Ahed Tamimi was detained in a night raid in the occupied West Bank village of Nabi Saleh nearly two months ago, after video circulated showing her and a cousin slapping and shoving two heavily armed Israeli soldiers following an incident in which a soldier had shot in the head and seriously injured their 15-year-old cousin Muhammad Tamimi.
The 17-year-old girl was arrested on December 19 and must now respond to the judicial process, while remaining in jail, for which United Nations experts demand respect to the rules of worldwide law and demand her freedom.
Only Ahed's family and lawyers were allowed to stay.
The court said that as Tamimi is a minor a trial behind closed doors is "in her best interests".
Her case has drawn wide public attention to Israeli military court procedures, which are often described by rights groups as discriminatory.
Al-Tamimi appeared before the Ofer military court, west of the West Bank city of Ramallah, on charges of attacking security forces.
ISM sat down to speak with Ahed's father, Bassem Tamimi, at the family home in Nabi Saleh to discuss the events of the trial.
Said Mr Fitzpatrick: "I became aware of Ahed Tamimi about two years ago and I was kind of struck by this girl standing up to Israeli soldiers". After the prosecution read out the indictment, Tamimi's trial was adjourned until March 11.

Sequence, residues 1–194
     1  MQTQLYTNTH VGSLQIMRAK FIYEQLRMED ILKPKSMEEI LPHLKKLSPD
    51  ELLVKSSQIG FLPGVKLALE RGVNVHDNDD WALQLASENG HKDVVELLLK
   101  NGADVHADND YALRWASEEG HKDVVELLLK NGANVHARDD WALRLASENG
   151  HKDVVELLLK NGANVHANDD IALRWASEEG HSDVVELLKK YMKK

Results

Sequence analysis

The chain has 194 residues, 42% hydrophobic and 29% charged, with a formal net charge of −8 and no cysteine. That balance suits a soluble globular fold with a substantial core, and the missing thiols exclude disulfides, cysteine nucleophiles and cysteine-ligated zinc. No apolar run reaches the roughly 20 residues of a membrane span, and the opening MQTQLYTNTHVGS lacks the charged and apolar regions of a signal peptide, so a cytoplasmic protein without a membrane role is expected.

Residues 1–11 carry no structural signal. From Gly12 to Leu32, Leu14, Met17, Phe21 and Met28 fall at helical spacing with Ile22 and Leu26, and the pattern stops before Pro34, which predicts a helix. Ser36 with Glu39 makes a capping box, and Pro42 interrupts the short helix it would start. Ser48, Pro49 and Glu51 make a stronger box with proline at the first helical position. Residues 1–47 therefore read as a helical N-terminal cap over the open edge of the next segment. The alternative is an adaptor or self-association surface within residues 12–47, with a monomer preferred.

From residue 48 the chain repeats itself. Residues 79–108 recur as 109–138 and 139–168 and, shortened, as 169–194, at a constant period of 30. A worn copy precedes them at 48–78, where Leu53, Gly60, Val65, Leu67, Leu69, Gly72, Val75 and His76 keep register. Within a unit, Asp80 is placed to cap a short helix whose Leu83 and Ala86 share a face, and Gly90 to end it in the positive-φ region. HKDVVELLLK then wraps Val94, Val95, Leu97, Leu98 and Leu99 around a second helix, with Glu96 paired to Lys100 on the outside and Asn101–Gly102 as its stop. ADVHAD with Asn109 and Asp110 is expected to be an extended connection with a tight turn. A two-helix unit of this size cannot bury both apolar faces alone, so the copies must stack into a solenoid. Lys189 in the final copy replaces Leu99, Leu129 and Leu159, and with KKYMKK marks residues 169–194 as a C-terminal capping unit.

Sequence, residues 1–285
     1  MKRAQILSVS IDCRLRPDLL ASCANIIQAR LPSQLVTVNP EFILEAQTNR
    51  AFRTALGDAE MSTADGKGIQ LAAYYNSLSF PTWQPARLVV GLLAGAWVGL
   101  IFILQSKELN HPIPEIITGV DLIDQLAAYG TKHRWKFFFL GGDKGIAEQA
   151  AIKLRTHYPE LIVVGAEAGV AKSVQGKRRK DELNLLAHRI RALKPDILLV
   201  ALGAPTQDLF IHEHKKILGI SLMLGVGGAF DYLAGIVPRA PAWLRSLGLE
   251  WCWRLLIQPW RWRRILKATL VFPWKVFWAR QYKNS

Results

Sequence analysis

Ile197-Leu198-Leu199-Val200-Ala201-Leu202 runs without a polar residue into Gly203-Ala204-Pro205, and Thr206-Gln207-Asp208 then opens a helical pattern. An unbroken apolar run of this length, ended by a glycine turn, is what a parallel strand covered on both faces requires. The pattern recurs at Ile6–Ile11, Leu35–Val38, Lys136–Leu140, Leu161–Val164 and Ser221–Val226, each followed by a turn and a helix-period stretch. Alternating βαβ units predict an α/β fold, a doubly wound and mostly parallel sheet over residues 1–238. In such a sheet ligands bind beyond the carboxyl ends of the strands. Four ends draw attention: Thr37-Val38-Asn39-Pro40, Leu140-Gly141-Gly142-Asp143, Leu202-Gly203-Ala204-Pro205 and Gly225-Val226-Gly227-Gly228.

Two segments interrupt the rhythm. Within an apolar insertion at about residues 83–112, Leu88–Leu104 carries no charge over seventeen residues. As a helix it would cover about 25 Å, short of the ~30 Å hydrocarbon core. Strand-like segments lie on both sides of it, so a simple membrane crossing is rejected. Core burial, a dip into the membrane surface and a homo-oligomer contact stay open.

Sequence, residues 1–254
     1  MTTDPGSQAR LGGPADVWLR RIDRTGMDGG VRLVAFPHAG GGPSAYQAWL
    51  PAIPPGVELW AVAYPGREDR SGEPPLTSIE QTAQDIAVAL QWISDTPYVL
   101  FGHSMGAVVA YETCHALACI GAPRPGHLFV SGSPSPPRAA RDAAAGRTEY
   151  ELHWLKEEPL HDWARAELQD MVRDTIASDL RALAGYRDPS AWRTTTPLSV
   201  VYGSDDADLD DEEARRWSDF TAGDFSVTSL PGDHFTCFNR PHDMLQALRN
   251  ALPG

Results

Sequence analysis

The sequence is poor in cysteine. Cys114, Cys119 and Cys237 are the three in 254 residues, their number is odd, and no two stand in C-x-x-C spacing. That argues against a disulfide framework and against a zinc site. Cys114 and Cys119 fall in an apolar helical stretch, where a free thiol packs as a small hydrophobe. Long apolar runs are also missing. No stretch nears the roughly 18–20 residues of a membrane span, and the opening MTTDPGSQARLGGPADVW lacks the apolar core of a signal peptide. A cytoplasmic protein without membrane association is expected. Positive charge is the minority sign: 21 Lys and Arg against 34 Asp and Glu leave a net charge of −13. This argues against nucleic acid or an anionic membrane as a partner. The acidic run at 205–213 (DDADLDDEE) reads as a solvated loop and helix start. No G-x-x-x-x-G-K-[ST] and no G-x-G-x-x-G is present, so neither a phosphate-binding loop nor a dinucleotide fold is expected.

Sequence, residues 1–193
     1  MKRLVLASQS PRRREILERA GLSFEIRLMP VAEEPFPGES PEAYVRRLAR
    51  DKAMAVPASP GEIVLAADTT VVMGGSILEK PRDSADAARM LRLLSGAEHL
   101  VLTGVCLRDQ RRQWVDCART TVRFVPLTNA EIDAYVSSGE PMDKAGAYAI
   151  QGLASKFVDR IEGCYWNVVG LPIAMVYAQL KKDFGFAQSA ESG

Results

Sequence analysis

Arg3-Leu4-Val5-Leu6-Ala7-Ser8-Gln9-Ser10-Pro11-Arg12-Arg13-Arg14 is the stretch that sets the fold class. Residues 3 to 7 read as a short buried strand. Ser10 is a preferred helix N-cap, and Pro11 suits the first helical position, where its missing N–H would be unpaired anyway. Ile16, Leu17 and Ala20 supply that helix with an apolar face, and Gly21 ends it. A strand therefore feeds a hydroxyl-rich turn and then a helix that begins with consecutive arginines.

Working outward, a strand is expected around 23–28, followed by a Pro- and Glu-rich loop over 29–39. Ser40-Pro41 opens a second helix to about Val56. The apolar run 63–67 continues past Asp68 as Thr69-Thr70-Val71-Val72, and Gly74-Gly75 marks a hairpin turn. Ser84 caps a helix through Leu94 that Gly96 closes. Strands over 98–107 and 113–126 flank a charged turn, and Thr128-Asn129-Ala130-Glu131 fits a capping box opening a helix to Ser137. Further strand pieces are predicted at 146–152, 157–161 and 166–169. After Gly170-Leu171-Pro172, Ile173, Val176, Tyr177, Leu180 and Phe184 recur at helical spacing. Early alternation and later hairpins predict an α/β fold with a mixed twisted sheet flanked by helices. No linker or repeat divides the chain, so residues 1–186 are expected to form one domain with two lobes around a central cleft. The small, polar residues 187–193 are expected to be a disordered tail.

However, Gaby Lasky, who is defending Ahed, believes the close-door trial is meant to curb support for her client.
Bassem Tamimi told journalists after the adjournment that "having people attend the court - journalists, consuls, diplomats, observers and lawyers - is very important because it keeps them safe and makes us feel that those in court are safe".
The teenager faces 12 charges, including aggravated assault.
Tamimi has been held in detention since she was arrested at her home by Israeli soldiers last December when she was 16. Ahed's trial in an Israeli military court began on 13 February.
UN Special Rapporteur on the Situation of Human Rights in the Palestinian Territory Michael Lynk and Chair-Rapporteur of the UN Working Group on Arbitrary Detention José Antonio Guevara Bermúdez [official profiles] demanded Tamimi's immediate release during the proceedings and called for future hearings to be held in strict accordance with global legal standards.
The Israeli military claim the soldiers were in the area to prevent Palestinians from throwing stones at Israeli motorists. In one, taken when she was 12, she is raising a clenched fist at a soldier who towers over her.
More luridly, Ben Caspit, a prominent journalist, made a rather shocking assertion of how Ahed's type of defiant behavior shockingly deserves to be addressed outside the framework of law: "In the case of girls, we should exact a price at some other opportunity, in the dark without witnesses or cameras". In it, the soldiers don't appear to react to Tamimi's confrontation.
Mohammed Tamimi, a cousin of Ahed, was seriously wounded by a rubber bullet fired at his head during those protests.
The Israeli reaction, as might be expected, was as negative and denigrating as the Palestinian response was affirmative; maybe more so. Two Israelis have been killed since then.
Her mother has also been charged with incitement on social media and assault, and her cousin, Nour, who participated in the incident, has been charged with assault.